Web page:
How to Install a Desk or Wall Mount for Your Monitor

 Fit more monitors in less space.

What's better than working with a single monitor? Working with multiple monitors, of course. I currently rock dual 32-inch 4K Dell monitors, which sit on my desk. Unfortunately, those two monitors rob critical tabletop space I could use for my peripherals and other work gear.

With this in mind, I felt it would be a good opportunity to look at the different types of monitor mounts out there that would allow me to elevate my monitors and reclaim some desktop space.

Monitor Desk Mount Versus Wall Mount

There are two basic types of mounts for monitors. First, there are non-invasive mounts that clamp onto your desk. These are often the cheapest available and the quickest to install. Since they don't involve drilling into a wall, no traces of their existence are left behind when you don’t wish to use them any longer. On the downside, these monitor desk mounts do take up a little bit of your desk space and will require a desk sturdy enough to handle the weight of your added monitor(s) at the mounting point.

The second method uses a monitor wall mount, which is a bit more involved and requires additional tools to install. You'll also need to drill holes into your wall, which may be a non-starter if you live in a rental property. The advantages of a wall mount are that nothing needs to be attached to your desk, you save a ton of desk space and that a wall stud can provide a very sturdy mounting surface. The disadvantage is that once you start getting into the triple-monitor and higher configurations, the mounts can get very pricey. In addition, you need to have your desk backed up against a wall, which is not always possible in every work environment.

When it comes to desk mounts, there are various configurations that you could choose. Of course, the simplest is a desk mount for a single monitor. These mounts all typically rotate, swivel and tilt for you to find an optimum viewing angle. he $28 Huanuo Single Monitor Mount(opens in new tab) is a good example.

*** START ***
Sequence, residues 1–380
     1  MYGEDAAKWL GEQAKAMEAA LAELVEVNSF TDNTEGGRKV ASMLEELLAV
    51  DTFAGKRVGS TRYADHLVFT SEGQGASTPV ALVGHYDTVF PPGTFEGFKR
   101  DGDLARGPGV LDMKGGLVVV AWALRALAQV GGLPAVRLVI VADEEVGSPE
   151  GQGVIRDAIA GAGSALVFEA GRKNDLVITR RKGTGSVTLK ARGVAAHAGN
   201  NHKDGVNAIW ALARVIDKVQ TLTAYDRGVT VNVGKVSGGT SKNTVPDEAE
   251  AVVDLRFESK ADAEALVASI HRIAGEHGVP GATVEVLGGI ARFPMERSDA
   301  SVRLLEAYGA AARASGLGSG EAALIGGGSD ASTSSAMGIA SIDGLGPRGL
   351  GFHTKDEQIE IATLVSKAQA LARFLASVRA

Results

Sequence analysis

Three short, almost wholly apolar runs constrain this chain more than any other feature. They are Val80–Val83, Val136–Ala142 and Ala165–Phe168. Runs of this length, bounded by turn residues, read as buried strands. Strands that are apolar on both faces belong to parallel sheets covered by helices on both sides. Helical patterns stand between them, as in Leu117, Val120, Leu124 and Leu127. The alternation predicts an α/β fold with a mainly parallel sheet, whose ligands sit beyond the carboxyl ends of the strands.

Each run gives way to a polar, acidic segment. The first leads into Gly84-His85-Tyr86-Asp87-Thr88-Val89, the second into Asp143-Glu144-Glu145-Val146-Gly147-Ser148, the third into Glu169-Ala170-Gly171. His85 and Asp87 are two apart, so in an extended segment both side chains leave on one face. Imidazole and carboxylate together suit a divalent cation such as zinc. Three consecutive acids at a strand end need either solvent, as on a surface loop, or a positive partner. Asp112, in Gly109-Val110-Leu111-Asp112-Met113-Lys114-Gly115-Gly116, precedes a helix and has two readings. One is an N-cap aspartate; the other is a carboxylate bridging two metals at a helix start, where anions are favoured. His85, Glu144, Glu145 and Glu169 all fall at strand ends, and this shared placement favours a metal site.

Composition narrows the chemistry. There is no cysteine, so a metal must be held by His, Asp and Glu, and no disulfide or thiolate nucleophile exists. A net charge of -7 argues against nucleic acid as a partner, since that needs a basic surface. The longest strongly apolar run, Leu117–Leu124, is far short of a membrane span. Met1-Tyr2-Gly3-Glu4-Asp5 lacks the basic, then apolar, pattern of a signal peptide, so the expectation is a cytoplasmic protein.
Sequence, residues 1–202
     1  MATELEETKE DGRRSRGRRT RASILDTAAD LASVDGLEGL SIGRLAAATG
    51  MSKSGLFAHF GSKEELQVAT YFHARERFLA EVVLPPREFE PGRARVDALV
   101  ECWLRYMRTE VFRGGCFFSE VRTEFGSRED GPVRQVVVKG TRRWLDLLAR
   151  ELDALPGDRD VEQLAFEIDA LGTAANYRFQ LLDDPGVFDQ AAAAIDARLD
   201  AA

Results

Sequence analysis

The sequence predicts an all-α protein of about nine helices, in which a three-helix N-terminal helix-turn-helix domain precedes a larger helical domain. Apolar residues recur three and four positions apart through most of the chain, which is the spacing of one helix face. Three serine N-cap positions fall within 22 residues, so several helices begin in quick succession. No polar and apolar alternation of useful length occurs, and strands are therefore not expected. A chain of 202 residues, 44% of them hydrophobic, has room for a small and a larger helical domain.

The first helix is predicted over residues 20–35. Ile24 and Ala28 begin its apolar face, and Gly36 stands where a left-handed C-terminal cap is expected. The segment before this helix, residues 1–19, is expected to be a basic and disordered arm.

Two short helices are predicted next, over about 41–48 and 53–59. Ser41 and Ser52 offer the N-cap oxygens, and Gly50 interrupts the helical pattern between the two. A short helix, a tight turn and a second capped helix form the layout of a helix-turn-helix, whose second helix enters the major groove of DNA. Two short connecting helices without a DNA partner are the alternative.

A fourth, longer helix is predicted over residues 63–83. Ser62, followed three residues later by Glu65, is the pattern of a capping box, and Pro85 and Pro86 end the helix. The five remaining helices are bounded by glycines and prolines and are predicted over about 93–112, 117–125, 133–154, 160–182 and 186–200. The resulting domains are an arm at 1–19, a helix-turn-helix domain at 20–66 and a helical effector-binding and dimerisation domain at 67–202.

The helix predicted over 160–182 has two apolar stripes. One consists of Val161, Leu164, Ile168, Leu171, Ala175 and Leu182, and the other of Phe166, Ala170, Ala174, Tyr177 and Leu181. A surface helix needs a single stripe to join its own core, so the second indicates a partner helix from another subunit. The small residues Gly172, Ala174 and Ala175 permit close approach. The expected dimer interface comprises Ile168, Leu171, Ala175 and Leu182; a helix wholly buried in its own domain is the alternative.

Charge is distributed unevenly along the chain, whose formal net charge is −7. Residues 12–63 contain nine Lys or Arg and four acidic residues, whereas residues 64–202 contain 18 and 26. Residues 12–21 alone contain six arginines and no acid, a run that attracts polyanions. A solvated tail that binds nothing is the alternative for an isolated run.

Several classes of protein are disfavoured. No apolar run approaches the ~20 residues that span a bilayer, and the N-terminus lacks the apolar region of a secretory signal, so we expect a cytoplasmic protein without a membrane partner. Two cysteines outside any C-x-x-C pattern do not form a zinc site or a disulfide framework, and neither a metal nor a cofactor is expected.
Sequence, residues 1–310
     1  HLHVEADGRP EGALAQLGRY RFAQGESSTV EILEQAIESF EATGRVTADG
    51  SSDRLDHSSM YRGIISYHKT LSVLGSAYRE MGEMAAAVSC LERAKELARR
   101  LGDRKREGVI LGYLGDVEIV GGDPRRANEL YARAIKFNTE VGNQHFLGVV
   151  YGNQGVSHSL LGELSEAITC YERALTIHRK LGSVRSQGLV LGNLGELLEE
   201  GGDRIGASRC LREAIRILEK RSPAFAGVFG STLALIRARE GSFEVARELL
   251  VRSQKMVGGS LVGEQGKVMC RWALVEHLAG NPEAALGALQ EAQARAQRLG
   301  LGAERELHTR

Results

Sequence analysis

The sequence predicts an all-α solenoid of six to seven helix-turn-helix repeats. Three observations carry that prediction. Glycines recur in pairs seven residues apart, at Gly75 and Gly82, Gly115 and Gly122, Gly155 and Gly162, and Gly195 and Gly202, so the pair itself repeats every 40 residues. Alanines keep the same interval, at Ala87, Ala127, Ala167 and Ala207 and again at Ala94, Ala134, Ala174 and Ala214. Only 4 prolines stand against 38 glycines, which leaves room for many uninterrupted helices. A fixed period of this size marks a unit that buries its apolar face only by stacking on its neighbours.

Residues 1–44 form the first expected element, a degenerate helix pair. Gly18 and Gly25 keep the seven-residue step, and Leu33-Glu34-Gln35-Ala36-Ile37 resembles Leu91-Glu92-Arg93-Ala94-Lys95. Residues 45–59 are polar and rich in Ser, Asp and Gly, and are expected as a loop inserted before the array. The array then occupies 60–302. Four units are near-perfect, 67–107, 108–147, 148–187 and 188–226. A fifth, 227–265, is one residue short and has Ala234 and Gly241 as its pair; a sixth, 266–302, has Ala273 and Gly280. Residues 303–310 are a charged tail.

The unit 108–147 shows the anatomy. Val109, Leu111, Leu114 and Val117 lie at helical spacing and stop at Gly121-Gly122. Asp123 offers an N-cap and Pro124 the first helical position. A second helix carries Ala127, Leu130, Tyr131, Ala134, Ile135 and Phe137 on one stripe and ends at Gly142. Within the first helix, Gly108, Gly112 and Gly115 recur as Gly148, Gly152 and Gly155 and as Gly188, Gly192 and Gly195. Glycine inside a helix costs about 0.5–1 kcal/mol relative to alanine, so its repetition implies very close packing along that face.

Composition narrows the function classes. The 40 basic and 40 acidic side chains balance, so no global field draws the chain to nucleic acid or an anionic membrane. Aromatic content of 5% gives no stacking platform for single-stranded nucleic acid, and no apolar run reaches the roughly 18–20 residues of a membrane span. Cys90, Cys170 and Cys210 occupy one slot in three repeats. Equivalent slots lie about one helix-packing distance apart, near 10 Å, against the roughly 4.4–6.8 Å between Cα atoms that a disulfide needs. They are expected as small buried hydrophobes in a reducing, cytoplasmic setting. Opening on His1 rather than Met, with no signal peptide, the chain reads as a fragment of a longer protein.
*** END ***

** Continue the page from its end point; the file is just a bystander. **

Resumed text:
Besides the side-by-side configuration, which we detail below with an option from Mount Pro, you can opt for 3x1 configuration, like this WALI Triple Monitor Mount for $84 after coupon on Amazon. With this arrangement, three monitors are held side-by-side, with a central monitor flanked on both sides by another.

There are 2x2 configs with two monitors side by side, with another two monitors stacked above, as we see with this Vivo Quad(opens in new tab) for $59.99. Or you could go with a 4x1 or even a 3x2 configuration, as seen with the Vivo Steel Hex(opens in new tab), priced at $139.99. A desk monitor mount configuration is likely out there that can meet your current needs. However, be cognizant of the weight limits of your desk, the weight limits of the mount and the VESA pattern on the back of the monitors you wish to use.

There are also many configurations available for wall monitor mounts (although not nearly as many as desk mounts), starting from the relatively basic WALI Wall Mount(opens in new tab) that supports tilt and swivel for a low $14.99. Our guide covers the 2x1 Huanuo Dual Wall Monitor Mount(opens in new tab) ($56.99) installation in detail. Prices tend to go much higher from there, with a 3x1 mount from Displays2Go(opens in new tab) ringing in at $229.